- The Team: First time founders are often naive and lonely. They can get desperate for people to take the journey with them. So desperate in fact, they will ask or let people onto the team that don’t belong there and who can’t contribute to the company’s roadmap. Having others along for the ride feels better than waiting for the right people to take the ride with. Second time founders are protective of their team seats and they get much better at recruiting and interviewing. Second time founders realize the second most important thing is having an exceptionally skilled and committed team. They hold the team seats in the high regard the seats should be held in, and although they recruit with vigor, they hire with patience waiting for the right people.
- Customers: It is likely a founder’s first company failed because the company couldn’t acquire enough customers fast enough to warrant continuing. Most companies fail because of a lack of customers more than anything else. Yes, even more than a lack of investment. First time founders aren’t aware of how challenging it is to acquire customers. Too often first time founders have a “build it and they will come” mentality even if they know that almost never works. They can’t help themselves. By the time they realize customers aren’t going to just come, it is too late. The awareness second time founders have around customer acquisition is paramount to the second company’s success. A second time founder isn’t yet good at acquiring customers because they haven’t actually done it successfully yet, but the recognition that customer acquisition is and will be hard gives founders a chance to get it right versus not having the awareness at all.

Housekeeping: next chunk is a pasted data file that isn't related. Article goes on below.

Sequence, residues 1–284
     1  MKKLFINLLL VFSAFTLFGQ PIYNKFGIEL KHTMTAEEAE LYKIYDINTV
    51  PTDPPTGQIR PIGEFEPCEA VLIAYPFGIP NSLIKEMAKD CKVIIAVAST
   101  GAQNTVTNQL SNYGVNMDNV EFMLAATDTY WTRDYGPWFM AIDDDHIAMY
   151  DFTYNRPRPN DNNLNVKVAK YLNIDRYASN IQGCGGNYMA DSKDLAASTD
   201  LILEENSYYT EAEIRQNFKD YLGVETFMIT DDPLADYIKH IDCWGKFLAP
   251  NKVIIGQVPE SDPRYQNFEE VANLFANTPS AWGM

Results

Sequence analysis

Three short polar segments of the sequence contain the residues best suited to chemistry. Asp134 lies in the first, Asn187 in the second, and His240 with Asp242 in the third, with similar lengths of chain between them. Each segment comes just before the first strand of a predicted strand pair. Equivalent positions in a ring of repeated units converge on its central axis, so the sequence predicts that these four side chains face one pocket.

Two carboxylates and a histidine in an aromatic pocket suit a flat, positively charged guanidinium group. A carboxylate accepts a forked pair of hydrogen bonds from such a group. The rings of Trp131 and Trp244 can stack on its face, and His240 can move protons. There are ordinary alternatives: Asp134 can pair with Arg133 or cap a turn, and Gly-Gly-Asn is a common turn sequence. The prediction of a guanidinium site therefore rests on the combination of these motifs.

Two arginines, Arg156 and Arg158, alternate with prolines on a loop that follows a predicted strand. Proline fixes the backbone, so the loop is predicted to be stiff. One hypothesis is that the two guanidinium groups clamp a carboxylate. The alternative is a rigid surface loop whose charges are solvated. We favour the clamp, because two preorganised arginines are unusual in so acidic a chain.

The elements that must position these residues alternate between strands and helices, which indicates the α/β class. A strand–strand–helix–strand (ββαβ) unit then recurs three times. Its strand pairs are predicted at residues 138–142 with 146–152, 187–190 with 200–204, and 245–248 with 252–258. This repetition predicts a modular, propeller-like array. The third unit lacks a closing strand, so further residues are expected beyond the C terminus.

If you build it, will they come?
I was having a conversation with a first time founder a few days ago in which customer acquisition came up as a focal point. The founder wants to create an educational company for kids based on videos. When I asked what the differentiation would be as compared to what is already available, the founder said they would have great content. I said of course you will. Great content for what you are doing is a given. But how will anyone know you have great content? This founder, like many other first time founders, thinks that having a better mousetrap is enough to acquire customers, and sometimes it is, but rarely. This founder’s “we will produce great content and customers will come” mentality demonstrates the naïveté of many first time founders who aren’t aware of the faulty “if we build it, they will come.”